Oil refinery to reopen after blast that killed 41
PARAGUANA – Venezuela’s biggest refinery is on track to restart within two days, the energy minister said yesterday, following an explosion on Saturday that killed 41 people in one of the global oil industry’s deadliest accidents.
Energy minister Rafael Ramirez said the fire resulting from the blast was contained in two storage tanks, reiterating that no production units had been affected by Saturday’s pre-dawn disaster at the Amuay refinery, which sits on a peninsula in the Caribbean in western Venezuela.
Yesterday, the skeletal remains of a National Guard barracks destroyed in the blast sagged amid broken concrete and rubble, to a backdrop of flames and huge plumes of smoke coming from the two burning tanks.
The explosion, caused by a gas leak, flattened homes in the immediate vicinity, some of which were located just across the street from the refinery’s fence. Puddles of petroleum mixed with water littered nearby roads.
The victims included 18 National Guard troops and 15 civilians; six remain unidentified. On Sunday, two of the dozens of people wounded died in the hospital, a National Guard general said.
“The roof flew off the house, the fence was pulled up, the windows came out and broke on top of the kids’ beds. It was horrible,” said Ramon Diaz (32), who lives in the nearby slum of Ali Primera. “We are still scared. We look at those flames and we’re still scared.”
The incident is likely to have little impact on world fuel prices because Venezuela can use its existing fuel stocks to supply the South American country’s domestic market as well as maintain exports.
Witnesses said firefighters yesterday did not appear to be trying to extinguish the blaze with foam as they had been on Saturday, suggesting that the authorities may have decided to let the remaining fuel in the tanks burn itself out.
Fire at one of the tanks that had been extinguished on Saturday broke out again overnight.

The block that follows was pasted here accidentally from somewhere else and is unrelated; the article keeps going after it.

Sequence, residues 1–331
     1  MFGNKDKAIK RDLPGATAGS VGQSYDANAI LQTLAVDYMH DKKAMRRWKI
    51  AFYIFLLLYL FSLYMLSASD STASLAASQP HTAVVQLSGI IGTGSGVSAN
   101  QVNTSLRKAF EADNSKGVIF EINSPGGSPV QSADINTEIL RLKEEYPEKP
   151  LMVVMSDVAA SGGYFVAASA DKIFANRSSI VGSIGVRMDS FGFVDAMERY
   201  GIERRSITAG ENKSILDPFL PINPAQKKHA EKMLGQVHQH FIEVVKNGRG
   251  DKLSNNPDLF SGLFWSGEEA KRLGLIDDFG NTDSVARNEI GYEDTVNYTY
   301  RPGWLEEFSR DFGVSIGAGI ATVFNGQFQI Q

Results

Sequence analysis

The disaster follows a decade of repeated outages and accidents at installations run by state oil company PDVSA that have prompted allegations of mismanagement by President Hugo Chávez’s government.
“I want to honour these beloved brothers in arms of the National Guard who lost their lives fulfilling their duties,” Mr Chávez said. “With a tear in our hearts and our souls, we must bid farewell to so many comrades.”
The blast ranks as one of the deadliest refinery accidents in the recent history of the global oil industry, approaching the toll of the 1997 fire at Hindustan Petroleum’s Visakhapatnam refinery in India that killed 56, and topping the 2005 BP Texas City refinery blast that killed 15 workers.
Amuay had already partially shut operations at least twice this year due to a small fire and the failure of a cooling unit.
The high death toll was in part due to the location of the National Guard post, which was not moved when the refinery shifted the site of the storage tank area so that it was next to where troops were stationed. Mr Ramirez acknowledged that the facility was too close to the refinery.
Many of Venezuela’s oil installations have slum residences next to them, and in some cases are located in the middle of cities. In some places, families hang clothes out to dry on fences that surround small oil derricks. – (Reuters)